Arms and the Right
Richard Feldman's Ricochet, an insider account of how conservatives have used the Second Amendment to clobber liberals on gun control and more, is evidence of what this schizophrenia means on the most down-to-earth political level. Ricochet is long--too long--on details about the inner workings of the NRA, the purges, the plots and the Machiavellian maneuvers of executive vice president Wayne LaPierre. Still, it has its moments. The most relevant concerns a campaign Feldman helped engineer in New Jersey in July 1990 to punish then-Governor Tom Florio, a Democrat, for pushing through a ban on assault weapons a few months earlier. When Florio announced a major tax increase to plug a deficit in the state budget, a Pat Buchanan-style "pitchfork rebellion"--led by a letter carrier named John Budzash and a title searcher named Pat Ralston--erupted across the middle of the state. Feldman, eager for revenge and experienced as a field operative when it came to populist campaigns of this type, sprang into action. Working behind the scenes, he established contact with Hands Across New Jersey, as the tax protesters called themselves, funneling them money, advising on strategy and grooming their press releases. "But unlike what I'd helped produce for the NRA, we had to give the Hands documents a rough edge," he recalls. "I always made sure to misspell at least one word, 'frivilous' or 'wastefull.'" The group's biggest PR coup was distributing thousands of rolls of "Flush Florio" toilet paper to protest the governor's proposal to slap a 7 percent sales tax on such items, a tactic that frightened the state's Democratic establishment to the core. Senator Bill Bradley did his best to duck the controversy but barely squeaked through to re-election, while Florio lost to Republican Christine Todd Whitman three years later. It was an example of the sort of right-wing populism that would continue to build throughout the 1990s, crippling the Clinton Administration and paving the way for the Bush/Cheney coup d'état in December 2000.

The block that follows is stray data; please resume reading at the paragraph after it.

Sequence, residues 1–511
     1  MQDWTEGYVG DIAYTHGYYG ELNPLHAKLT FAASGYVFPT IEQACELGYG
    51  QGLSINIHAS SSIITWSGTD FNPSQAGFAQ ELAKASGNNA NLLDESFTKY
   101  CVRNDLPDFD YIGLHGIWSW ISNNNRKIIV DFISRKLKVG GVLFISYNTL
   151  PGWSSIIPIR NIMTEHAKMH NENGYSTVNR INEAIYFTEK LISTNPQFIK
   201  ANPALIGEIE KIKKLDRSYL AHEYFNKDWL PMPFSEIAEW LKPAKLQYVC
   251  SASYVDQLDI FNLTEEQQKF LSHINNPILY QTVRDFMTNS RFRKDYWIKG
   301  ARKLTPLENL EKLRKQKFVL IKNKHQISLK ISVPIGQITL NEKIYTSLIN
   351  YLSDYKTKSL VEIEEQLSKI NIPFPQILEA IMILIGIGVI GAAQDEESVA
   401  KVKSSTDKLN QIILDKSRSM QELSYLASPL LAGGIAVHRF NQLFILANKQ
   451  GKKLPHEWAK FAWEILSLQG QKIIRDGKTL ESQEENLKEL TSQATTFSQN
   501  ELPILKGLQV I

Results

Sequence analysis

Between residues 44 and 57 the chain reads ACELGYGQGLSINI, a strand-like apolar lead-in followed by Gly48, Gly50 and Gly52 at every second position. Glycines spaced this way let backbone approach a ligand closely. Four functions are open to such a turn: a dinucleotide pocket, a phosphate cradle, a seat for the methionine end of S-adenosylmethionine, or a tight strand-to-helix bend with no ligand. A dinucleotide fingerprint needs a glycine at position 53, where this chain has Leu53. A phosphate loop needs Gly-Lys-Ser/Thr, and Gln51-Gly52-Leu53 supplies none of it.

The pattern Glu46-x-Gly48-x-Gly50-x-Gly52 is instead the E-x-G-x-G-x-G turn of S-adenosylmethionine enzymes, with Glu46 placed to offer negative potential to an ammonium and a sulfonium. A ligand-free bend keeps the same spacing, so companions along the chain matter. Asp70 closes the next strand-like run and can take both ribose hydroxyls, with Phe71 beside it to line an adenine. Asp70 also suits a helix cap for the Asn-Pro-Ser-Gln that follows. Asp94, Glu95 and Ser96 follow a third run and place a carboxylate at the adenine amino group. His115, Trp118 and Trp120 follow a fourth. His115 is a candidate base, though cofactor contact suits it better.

Hands Across New Jersey could not have done it without the NRA, and the NRA could not have done it without the Second Amendment. On the surface, tax hikes and gun control would seem to have as little to do with each other as horticulture and professional wrestling. But eighteenth-century civic republicanism, the ideology bound up with an individualist reading of the Second Amendment, provided the necessary link by portraying both as the products of overweening government. In the face of such "tyranny," the message to protesters was plain: take down those muskets, so to speak, and sally forth to meet the redcoats. Don't think, don't analyze, don't engage in any of the other sober measures needed to sort out the fiscal mess. Just turn the clock back to the eighteenth century, pack your musket with "Flush Florio" wadding and fire away! Needless to say, atavistic protests like these were sadly irrelevant in terms of the financial pressures that, in a politically fragmented, traffic-bound state like New Jersey, were growing ever more acute. Yes, the protesters succeeded in throwing out some bums (and ushering in even worse ones). But with the current governor, Democrat Jon Corzine, now struggling to resolve a 10 percent budget gap, the crisis has only deepened.
After the disaster of the Bush years, it would seem that the right-wing populism embodied by Hands Across New Jersey has burned itself out. But given the collapse of the liberal-collectivist reading of the Second Amendment and the Supreme Court's likely embrace of an individual right, it could conceivably gain a new lease on life--just as the country is grappling with a major recession, the worst housing crisis since the 1930s and a wave of municipal bankruptcies, all problems that call for a collective government response. But an incoherent Constitution dating from the days of the French monarchy, the Venetian republic and the Holy Roman Empire is now sending an increasingly strong message that firm and concerted action of this sort is the very definition of tyranny and must be resisted to the hilt. Once again, Americans must take aim--at themselves! Tushnet's question concerning "how we understand ourselves as Americans" thus becomes somewhat easier to answer: Americans are people at the mercy of eighteenth-century attitudes they don't know how to escape.